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“FISH FARMING” TO AVERT ECONOMIC CHALLENGES IN MALAWI

Sunset from a chalet at Mayoka Village, Nkhata Bay. Pic Courtesy of njobvuvillage
By Joshua Marishu – FaceofMalawi
Recent studies on fish farming have revealed that agriculture is globally the fastest growing agriculture sector. The rapid growth of fisheries production world wide has stimulated the growth of this new sector.
In one of these studies the world fish centre and the international food policy research institute (IFPRI) estimated that if Africa is to maintain its current fish consumption, it would need to grow its fish production by over 260 over the next 16 years.
This therefore calls for increased expansion of this industry and one way of doing this is to encourage small scale farmers in rural areas to scale up fish farming as it is integrated with sustainable agriculture development because this has potential to considerably offer opportunities to increase local fish supplies.
As the result, both consumption and employed generation especially in rural areas will be improved.
A few years ago, the government of Malawi through the department of Malawi and through the department of fisheries received funding from the African Development Bank (ADB) to implement Lake Malawi Artisanal fisheries development project.
The object of the project was to improve house hold income by exchanging the management and utilization of fisheries resources in five districts including Mangochi.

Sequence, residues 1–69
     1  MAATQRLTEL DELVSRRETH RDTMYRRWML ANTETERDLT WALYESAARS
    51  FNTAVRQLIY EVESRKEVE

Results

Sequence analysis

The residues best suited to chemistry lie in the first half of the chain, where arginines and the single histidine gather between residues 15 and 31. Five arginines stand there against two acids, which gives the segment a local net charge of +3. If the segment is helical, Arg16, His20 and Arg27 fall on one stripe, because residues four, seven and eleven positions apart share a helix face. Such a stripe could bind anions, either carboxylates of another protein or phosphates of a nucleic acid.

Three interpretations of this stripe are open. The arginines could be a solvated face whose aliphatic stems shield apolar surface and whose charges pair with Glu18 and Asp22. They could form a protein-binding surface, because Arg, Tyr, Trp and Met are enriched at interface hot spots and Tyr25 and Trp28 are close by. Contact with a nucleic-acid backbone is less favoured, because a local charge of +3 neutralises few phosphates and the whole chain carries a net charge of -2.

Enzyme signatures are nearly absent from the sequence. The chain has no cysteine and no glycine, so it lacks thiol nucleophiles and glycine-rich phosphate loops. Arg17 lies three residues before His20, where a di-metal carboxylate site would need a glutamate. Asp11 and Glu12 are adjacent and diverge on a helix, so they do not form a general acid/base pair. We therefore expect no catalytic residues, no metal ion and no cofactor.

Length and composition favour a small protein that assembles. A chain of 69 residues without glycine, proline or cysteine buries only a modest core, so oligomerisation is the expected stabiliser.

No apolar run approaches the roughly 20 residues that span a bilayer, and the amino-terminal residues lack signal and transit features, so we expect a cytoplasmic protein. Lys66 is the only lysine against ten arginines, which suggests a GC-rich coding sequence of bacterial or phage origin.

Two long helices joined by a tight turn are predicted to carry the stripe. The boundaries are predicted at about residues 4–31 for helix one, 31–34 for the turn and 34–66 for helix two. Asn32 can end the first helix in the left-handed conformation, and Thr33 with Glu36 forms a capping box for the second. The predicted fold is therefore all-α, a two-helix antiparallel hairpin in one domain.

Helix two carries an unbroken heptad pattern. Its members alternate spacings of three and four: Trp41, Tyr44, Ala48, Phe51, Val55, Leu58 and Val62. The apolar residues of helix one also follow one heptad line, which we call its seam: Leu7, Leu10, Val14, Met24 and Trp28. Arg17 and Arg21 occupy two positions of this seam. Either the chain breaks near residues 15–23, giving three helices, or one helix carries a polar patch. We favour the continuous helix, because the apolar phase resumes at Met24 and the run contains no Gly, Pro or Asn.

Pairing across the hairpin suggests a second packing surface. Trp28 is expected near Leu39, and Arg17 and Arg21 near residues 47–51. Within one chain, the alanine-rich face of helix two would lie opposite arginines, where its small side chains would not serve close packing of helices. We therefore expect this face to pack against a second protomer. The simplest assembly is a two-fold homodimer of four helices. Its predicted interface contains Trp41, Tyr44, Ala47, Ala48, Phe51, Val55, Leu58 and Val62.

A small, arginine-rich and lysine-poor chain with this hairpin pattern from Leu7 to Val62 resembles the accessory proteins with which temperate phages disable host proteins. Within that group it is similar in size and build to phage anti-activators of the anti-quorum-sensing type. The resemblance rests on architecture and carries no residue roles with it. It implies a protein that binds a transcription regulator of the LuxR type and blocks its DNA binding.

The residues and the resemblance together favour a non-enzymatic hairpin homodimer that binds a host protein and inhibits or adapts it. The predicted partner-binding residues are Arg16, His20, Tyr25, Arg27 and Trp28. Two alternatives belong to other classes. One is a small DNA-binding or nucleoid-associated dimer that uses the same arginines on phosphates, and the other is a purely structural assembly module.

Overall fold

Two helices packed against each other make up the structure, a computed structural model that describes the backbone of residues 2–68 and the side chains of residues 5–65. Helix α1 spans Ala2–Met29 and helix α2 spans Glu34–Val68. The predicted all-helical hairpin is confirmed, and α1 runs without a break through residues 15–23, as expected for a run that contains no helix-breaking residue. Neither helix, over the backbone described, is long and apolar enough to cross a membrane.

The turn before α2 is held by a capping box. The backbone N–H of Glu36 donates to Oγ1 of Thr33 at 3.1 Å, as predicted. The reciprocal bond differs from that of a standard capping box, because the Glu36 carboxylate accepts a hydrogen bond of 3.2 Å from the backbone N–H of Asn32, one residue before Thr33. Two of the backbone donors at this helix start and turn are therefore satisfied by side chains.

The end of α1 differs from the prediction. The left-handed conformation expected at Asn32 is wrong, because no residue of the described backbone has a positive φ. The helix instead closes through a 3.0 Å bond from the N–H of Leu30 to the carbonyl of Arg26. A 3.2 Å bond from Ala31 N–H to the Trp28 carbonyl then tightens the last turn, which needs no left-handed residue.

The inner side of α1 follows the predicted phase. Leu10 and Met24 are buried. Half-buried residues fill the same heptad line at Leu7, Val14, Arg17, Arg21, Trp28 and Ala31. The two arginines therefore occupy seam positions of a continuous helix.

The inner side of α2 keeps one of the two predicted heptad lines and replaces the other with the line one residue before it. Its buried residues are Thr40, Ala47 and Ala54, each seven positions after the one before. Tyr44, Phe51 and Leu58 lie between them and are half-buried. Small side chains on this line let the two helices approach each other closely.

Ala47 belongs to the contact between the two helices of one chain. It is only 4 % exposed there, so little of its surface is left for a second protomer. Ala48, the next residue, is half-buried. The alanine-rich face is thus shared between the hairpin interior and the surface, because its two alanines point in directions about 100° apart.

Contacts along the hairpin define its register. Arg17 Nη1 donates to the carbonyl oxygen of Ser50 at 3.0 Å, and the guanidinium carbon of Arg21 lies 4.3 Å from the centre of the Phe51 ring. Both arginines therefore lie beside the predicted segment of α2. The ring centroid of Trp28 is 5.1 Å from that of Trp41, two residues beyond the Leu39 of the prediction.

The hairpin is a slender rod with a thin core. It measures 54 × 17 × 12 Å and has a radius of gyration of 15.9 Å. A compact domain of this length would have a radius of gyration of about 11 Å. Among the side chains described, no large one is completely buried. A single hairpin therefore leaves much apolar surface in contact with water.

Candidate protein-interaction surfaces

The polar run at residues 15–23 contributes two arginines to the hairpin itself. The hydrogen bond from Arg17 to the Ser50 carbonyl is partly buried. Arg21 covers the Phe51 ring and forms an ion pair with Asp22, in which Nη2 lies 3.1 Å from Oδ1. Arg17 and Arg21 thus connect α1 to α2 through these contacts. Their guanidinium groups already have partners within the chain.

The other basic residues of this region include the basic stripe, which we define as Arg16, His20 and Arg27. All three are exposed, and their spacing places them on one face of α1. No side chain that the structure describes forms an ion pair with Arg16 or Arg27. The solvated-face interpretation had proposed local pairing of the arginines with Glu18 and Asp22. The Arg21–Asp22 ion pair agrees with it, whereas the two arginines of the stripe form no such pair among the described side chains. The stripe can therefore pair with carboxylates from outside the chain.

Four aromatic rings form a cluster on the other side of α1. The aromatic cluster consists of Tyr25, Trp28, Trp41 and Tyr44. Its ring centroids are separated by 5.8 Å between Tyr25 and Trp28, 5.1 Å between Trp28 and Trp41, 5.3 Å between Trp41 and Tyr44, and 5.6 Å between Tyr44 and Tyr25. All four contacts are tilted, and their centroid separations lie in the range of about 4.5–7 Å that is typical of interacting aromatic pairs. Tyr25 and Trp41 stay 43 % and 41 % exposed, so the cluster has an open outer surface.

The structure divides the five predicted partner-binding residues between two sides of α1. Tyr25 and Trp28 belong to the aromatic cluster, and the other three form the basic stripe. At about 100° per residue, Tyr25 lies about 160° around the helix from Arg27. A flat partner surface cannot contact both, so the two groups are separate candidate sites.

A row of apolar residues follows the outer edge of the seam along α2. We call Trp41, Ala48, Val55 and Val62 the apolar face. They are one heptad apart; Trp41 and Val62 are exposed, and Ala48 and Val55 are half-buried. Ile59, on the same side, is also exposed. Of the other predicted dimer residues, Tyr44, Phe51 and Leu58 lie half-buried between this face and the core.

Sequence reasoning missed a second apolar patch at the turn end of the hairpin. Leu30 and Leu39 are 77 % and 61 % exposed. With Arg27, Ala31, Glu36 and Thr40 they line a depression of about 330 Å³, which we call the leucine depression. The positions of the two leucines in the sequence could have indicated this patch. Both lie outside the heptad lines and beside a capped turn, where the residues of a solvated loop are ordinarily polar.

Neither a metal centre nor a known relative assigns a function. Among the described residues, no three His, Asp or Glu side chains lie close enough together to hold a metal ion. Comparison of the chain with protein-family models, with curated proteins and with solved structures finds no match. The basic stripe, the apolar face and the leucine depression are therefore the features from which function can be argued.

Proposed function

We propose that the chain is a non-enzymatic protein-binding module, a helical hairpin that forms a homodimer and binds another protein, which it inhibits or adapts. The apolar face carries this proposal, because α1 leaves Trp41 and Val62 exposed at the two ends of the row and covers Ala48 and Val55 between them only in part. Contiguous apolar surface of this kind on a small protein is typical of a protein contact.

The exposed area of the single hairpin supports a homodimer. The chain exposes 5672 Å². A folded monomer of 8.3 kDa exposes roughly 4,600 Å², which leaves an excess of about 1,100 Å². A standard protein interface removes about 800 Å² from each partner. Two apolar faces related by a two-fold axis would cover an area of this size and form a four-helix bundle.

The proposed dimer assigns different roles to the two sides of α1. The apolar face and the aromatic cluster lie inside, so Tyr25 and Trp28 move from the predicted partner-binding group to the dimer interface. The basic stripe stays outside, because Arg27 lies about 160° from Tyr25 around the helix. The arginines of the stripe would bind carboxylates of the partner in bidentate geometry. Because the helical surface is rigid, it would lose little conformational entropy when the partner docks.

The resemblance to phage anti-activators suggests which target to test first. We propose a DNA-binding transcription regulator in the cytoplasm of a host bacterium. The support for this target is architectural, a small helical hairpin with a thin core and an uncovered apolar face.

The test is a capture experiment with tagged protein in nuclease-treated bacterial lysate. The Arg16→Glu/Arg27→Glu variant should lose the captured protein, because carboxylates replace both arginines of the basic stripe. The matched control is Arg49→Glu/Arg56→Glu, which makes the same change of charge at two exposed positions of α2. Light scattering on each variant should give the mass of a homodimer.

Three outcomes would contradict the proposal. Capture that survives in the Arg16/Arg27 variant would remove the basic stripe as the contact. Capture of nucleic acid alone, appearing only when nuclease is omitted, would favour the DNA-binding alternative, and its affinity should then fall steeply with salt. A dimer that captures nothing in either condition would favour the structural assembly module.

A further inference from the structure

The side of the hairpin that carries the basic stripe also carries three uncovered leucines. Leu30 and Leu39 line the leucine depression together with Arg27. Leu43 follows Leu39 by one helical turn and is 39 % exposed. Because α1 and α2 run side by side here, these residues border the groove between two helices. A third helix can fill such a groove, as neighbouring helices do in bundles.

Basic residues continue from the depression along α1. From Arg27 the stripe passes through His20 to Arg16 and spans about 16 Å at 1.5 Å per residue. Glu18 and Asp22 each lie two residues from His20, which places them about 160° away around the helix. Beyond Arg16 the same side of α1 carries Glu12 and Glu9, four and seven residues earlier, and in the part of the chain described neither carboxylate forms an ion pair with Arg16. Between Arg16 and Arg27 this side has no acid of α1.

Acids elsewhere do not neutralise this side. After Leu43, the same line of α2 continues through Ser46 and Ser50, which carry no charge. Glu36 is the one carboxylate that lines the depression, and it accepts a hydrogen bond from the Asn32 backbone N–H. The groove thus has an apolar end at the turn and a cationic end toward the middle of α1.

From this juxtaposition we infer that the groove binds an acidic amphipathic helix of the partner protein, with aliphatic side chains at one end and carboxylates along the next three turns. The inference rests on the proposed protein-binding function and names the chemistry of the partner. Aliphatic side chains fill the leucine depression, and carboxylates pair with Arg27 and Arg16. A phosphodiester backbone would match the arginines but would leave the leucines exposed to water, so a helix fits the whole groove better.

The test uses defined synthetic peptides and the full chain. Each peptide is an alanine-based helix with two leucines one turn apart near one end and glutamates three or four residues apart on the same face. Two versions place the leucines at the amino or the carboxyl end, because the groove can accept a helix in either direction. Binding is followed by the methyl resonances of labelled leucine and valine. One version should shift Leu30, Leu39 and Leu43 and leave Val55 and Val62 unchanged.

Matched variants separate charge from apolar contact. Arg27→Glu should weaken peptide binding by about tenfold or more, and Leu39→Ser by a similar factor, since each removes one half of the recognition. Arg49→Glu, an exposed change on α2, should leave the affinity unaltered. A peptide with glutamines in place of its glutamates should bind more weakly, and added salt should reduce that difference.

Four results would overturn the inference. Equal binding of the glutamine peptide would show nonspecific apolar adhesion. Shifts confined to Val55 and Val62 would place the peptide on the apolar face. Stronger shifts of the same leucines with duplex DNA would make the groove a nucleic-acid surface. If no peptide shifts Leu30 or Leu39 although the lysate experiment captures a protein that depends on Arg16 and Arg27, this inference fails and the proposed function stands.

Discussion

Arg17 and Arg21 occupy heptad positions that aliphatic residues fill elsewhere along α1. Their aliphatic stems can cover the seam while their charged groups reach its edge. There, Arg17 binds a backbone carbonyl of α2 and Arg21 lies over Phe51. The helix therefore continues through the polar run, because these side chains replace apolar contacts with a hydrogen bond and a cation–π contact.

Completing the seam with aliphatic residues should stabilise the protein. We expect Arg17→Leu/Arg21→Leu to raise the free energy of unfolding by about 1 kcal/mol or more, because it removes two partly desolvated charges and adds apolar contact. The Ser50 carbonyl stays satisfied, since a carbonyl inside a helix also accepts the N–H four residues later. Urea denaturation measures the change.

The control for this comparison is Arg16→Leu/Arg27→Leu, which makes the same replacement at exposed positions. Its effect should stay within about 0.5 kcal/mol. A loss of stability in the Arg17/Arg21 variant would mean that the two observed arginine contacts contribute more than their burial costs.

The major activities in the project including fish production and marketing development credit institutional strengthen and project management.
The Malawi lake basis programme (MRBP) is working with small scale farmers in Mangochi and Salima districts to develop fish ponds in order to respond to growing consumption and economic needs of their families as well as their communities.
In its 2006 baseline survey report the (MCBP) found on that there is great potential for aquaculture in Mangochi especially downstream of the main rivers available in some low lands near Lake Malawi and Malombe.
Among the people who are benefiting from this initiative is Pofera Nthala of Khombe village in the area. Nthala constructed his fish pond in 2010 and was assisted by MCBP to acquire fingerling of Chambo type which he started raising in his pond.
Nthala however expects to benefit from nutritional value.

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